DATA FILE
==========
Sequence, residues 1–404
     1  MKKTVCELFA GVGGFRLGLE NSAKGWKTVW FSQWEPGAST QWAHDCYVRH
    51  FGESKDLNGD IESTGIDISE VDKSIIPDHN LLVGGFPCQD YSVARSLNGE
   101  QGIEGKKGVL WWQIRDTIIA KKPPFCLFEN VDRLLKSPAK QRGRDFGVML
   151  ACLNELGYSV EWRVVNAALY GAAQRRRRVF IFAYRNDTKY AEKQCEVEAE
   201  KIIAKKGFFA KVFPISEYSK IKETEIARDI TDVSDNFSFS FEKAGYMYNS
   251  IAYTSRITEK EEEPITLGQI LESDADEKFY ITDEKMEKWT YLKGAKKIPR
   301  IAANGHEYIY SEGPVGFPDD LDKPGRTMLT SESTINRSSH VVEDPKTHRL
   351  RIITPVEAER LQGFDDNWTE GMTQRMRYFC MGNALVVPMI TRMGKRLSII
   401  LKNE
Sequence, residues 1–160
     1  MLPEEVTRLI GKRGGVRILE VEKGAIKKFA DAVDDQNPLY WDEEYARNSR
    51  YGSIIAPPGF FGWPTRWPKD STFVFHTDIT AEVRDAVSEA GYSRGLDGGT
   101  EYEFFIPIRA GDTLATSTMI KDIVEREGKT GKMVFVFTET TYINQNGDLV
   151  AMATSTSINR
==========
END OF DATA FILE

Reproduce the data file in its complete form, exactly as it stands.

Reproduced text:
Sequence, residues 1–404
     1  MKKTVCELFA GVGGFRLGLE NSAKGWKTVW FSQWEPGAST QWAHDCYVRH
    51  FGESKDLNGD IESTGIDISE VDKSIIPDHN LLVGGFPCQD YSVARSLNGE
   101  QGIEGKKGVL WWQIRDTIIA KKPPFCLFEN VDRLLKSPAK QRGRDFGVML
   151  ACLNELGYSV EWRVVNAALY GAAQRRRRVF IFAYRNDTKY AEKQCEVEAE
   201  KIIAKKGFFA KVFPISEYSK IKETEIARDI TDVSDNFSFS FEKAGYMYNS
   251  IAYTSRITEK EEEPITLGQI LESDADEKFY ITDEKMEKWT YLKGAKKIPR
   301  IAANGHEYIY SEGPVGFPDD LDKPGRTMLT SESTINRSSH VVEDPKTHRL
   351  RIITPVEAER LQGFDDNWTE GMTQRMRYFC MGNALVVPMI TRMGKRLSII
   401  LKNE
Sequence, residues 1–160
     1  MLPEEVTRLI GKRGGVRILE VEKGAIKKFA DAVDDQNPLY WDEEYARNSR
    51  YGSIIAPPGF FGWPTRWPKD STFVFHTDIT AEVRDAVSEA GYSRGLDGGT
   101  EYEFFIPIRA GDTLATSTMI KDIVEREGKT GKMVFVFTET TYINQNGDLV
   151  AMATSTSINR